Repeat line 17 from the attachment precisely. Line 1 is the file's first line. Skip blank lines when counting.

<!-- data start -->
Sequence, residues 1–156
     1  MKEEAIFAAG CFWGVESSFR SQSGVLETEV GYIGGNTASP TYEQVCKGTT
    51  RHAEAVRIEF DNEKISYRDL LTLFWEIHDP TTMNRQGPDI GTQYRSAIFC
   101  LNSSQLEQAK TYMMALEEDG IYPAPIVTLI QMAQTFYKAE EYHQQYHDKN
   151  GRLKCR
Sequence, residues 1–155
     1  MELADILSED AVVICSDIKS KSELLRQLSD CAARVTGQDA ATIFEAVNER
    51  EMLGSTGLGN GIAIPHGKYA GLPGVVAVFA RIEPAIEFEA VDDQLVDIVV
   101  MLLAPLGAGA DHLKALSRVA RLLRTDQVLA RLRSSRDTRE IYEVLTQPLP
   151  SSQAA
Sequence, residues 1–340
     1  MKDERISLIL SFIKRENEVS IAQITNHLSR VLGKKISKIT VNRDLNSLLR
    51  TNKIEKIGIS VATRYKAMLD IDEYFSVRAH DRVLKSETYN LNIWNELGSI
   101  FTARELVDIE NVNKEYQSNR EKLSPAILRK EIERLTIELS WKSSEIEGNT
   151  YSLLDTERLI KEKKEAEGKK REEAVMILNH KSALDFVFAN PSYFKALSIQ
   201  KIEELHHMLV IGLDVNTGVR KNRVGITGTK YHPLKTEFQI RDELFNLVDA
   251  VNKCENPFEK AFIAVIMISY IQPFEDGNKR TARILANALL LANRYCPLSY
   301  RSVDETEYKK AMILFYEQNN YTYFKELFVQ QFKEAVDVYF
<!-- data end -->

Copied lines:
   251  VNKCENPFEK AFIAVIMISY IQPFEDGNKR TARILANALL LANRYCPLSY